Sentence Examples with the word outward

It has sometimes been thought of as an outward law, sometimes as an inward disposition; and each of these rival conceptions has developed a casuistical method of its own.

I find she grasps the import of whole sentences, catching from the context the meaning of words she doesn't know; and her eager questions indicate the outward reaching of her mind and its unusual powers.

Where heavy suburban traffic has to be dealt with, the expedient is occasionally adopted of taking some of the lines round the end in a continuous loop, so that incoming trains can deposit their passengers at an underground platform and immediately proceed on their outward journey.

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As the admission of converts is no longer permitted, the faithful are enjoined to keep their doctrine secret from the profane; and in order that their allegiance may not bring them into danger, they are allowed (like Persian mystics) to make outward profession of whatever religion is dominant around them.

They were always mitigations of satisfactions or penances which had been imposed by the church as outward signs of inward sorrow, tests of fitness for pardon, and the needful precedents of absolution.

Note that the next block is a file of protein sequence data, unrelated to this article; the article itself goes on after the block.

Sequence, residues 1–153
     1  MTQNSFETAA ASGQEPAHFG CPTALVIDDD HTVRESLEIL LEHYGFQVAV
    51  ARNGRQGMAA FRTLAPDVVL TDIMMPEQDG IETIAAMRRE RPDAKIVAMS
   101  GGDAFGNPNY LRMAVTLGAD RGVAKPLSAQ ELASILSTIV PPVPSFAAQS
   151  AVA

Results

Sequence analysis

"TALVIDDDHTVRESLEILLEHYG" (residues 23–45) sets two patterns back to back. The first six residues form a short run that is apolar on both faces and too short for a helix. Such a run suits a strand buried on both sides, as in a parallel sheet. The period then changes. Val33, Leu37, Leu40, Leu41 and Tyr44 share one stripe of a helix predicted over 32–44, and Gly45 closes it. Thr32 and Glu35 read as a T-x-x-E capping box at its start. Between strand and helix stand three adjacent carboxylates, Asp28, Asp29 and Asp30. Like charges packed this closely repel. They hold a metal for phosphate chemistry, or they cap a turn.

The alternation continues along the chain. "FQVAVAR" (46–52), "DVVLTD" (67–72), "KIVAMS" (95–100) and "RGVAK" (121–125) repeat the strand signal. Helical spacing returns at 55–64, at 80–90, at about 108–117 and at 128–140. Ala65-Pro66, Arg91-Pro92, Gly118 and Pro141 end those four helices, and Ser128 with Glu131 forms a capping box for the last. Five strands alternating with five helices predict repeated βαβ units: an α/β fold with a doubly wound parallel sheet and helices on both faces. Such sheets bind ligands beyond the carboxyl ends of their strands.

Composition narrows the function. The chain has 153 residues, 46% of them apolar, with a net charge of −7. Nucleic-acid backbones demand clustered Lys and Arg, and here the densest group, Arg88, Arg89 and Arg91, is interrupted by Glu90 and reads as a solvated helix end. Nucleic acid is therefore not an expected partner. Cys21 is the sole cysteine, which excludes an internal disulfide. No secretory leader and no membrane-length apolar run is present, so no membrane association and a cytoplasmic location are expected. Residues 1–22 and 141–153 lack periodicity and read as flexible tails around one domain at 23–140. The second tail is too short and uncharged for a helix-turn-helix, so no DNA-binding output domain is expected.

In the outward appearance of the adults there is great want of uniformity, one set having their limbs sheltered by no carapace, another having a broad shield over most of them, and a third having a bivalved shell-cover within which the whole body can be enclosed.

He wore a sharp shirt of hair next his skin, scourged himself every Friday and other fasting days, lay upon the bare ground with a log under his head, and allowed himself but four or five hours' sleep. This access of the ascetic malady lasted but a short time, and More recovered to all outward appearance his balance of mind.

Perhaps it will be found that just in proportion as some have been placed in outward circumstances above the savage, others have been degraded below him.

The most distinguishing outward peculiarity of Maha-vira and of his earliest followers was their practice of going quite naked, whence the term Digambara.

It would be some advantage to live a primitive and frontier life, though in the midst of an outward civilization, if only to learn what are the gross necessaries of life and what methods have been taken to obtain them; or even to look over the old day-books of the merchants, to see what it was that men most commonly bought at the stores, what they stored, that is, what are the grossest groceries.